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The Tale of the Brass Box

By Vanessa Cardui |  April 28, 2016 |

The brass box

A couple of us went up to the Brotherton Library at Leeds University a few weeks ago, for the opening of their new Treasures of the Brotherton gallery, which showcases some of the amazing things they’ve got tucked away in their Special Collections. One of these collections is known as the “Romany Collection”, and includes objects, photos, books and other things about Romanies, Gypsies and Travellers. What we saw there made us think, and made us ask some interesting questions about the real stories behind the history.


It’s great that they have this stuff on public display, not tucked away in a back room somewhere. Even though the exhibition’s publicity doesn’t mention that there’s material about Romanies, and even though the word “Romany” is in quite small letters on the signs in the gallery, it’s still good to have it included. But – and this is true with any exhibition – it’s not just a matter of having things on display, it’s also about how they’re put into context: how they’re displayed, what the curators write on the labels, and the information given to viewers about what each object means.

One object we saw was a small brass box which, according to its label, was given by a group of Gypsies to a collector called George Smith in the 19th century, out of gratitude for his help with educating their children. There was nothing about who George Smith was; but as we looked at the label, we realised that this tale of a gift given by grateful Gypsies was entirely from his viewpoint, and we started to wonder if there might be another side to the story.


A quick Google (ah, thank goodness for phones!) filled in some of the blanks about George. Born in 1831, he made his name in the 1860s as a campaigner against child labour. Unlike yer average Victorian do-gooder, he wasn’t an aristocrat – he was a working-class man who had been a child labourer himself – so in that respect, he was pretty impressive. But later in life, he turned his increasingly meddlesome attention to Canal families, and then, to Gypsies: in the 1880s, he tried to get laws passed that would mean all Gypsies’ wagons would have to be officially registered, and their “sanitary conditions” regulated to specific standards. Although George’s heart was probably in the right place, he doesn’t seem to have asked the views of those he was “helping”; he just charged in there regardless. Nothing changes...!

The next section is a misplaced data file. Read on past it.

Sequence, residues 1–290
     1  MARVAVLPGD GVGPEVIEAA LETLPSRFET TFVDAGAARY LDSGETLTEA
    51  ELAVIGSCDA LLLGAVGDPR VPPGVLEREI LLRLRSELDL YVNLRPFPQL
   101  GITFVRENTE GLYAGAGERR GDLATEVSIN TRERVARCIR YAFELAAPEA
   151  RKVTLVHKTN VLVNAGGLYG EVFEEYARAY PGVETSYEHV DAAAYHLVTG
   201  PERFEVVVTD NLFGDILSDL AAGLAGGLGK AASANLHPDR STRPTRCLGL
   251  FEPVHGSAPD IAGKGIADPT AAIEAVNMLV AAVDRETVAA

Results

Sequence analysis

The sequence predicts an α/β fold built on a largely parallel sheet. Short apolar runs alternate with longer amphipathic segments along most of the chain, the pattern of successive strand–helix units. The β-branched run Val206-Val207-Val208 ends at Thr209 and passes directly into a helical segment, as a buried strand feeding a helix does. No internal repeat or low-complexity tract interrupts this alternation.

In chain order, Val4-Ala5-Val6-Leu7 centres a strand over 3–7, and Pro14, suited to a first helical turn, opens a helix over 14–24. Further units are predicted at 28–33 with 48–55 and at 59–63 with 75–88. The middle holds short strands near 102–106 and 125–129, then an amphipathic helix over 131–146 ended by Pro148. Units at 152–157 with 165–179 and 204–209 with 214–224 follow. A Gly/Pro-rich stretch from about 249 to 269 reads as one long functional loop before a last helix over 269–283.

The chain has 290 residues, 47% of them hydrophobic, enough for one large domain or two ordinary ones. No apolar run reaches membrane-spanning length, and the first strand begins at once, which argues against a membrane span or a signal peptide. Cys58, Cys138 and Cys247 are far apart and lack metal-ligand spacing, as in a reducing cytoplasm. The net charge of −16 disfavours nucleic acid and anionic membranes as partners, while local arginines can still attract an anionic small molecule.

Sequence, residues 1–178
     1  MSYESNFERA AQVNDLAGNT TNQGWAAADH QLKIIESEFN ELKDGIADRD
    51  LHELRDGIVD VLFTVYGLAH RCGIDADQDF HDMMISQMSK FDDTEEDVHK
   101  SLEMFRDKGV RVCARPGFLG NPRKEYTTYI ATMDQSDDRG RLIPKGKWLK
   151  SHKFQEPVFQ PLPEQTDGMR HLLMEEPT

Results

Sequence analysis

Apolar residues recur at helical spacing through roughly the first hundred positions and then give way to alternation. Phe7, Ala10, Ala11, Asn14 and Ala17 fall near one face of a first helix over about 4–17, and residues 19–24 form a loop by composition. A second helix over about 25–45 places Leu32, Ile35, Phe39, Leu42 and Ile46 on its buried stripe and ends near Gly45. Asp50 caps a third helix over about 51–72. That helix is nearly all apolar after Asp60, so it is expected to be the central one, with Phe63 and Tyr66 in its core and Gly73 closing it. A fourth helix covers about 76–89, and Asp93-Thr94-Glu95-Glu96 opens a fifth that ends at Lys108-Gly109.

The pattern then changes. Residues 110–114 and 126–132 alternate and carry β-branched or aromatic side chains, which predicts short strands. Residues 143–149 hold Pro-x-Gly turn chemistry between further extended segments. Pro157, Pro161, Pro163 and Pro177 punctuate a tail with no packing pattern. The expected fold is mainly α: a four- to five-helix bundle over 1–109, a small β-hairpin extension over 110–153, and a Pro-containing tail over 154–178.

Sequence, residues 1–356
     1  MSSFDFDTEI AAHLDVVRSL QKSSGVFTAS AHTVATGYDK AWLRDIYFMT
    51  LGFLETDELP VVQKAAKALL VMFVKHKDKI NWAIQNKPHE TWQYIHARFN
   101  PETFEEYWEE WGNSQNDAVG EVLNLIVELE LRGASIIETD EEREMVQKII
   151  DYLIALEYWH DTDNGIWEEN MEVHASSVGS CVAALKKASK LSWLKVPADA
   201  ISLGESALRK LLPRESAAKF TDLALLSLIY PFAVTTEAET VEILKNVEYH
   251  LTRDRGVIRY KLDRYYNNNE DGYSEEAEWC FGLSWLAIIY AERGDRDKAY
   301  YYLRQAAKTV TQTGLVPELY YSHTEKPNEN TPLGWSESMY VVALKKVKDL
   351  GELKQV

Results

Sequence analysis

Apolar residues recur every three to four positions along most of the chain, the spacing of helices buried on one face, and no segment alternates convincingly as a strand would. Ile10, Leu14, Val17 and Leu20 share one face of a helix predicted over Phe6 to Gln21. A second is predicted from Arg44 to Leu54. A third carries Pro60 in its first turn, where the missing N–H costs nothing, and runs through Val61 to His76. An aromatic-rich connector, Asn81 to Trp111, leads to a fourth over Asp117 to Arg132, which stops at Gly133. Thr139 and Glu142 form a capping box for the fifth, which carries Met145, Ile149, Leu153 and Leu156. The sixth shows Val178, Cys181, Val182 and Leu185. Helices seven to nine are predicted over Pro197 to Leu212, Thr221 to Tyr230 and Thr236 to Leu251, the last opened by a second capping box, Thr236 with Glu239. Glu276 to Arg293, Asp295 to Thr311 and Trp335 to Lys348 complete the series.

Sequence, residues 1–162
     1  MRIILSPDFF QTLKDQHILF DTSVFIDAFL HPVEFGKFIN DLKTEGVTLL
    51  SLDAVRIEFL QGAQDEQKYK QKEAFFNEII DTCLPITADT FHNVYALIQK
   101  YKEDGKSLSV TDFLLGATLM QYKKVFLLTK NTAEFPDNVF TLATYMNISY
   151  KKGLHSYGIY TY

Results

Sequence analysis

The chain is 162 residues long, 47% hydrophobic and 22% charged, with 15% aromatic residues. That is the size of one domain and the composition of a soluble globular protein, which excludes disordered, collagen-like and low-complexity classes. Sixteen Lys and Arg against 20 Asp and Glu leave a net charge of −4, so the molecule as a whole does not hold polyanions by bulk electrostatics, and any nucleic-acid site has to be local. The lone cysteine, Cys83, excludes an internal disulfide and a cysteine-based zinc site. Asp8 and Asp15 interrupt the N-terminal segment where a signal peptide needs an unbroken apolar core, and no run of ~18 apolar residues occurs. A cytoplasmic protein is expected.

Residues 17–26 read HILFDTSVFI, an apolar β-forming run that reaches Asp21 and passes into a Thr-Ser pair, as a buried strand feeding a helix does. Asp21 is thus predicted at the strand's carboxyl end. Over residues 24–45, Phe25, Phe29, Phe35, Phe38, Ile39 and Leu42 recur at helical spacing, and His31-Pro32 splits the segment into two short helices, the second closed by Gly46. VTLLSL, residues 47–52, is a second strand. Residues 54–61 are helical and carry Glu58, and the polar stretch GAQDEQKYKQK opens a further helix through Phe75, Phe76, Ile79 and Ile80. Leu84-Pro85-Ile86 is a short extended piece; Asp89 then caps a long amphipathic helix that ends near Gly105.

But the Brotherton told us none of this – not even a hint that there was anything to discover, so we could look George up and decide for ourselves. Instead, it uncritically presented the story that grateful Gypsies gave him their valued heirloom. We began to wonder if that’s really how it was – or was it more like “Yes, mate, this box is our most treasured possession, honest, so thanks a bunch for your help, now please for Heaven’s sake leave us alone!” That seemed to us to be just as possible a narrative as the one we were given, and with just as much (or rather, as little) solid proof to back it up – but the Brotherton’s story is presented as fact, without any detail about how (or whether) they know it’s true, and without a suggestion that this object might have what’s known as a “contested meaning” (in other words, what it “means” isn’t cut-and-dried, and might depend on whose perspective you’re looking at it from). Like the proverb says: “Until the lion has a historian, the history of the hunt will always glorify the hunter…”

In future months, Leeds GATE will be working with the Brotherton’s Romany collection, discussing things like this, and seeing if we can explore the objects from some different angles and find some new stories. And there’s also our own Archives here at GATE -  we want to make sure the information we collect about the meaning of the photos and objects is from the point of view of Gypsies and Travellers for once!  So if you’d like to get involved with this sort of stuff, making sure Gypsies’ and Travellers’ stories get into the records, give Vanessa a ring at GATE, and join in.

By Vanessa Cardui and Valerie Elliott

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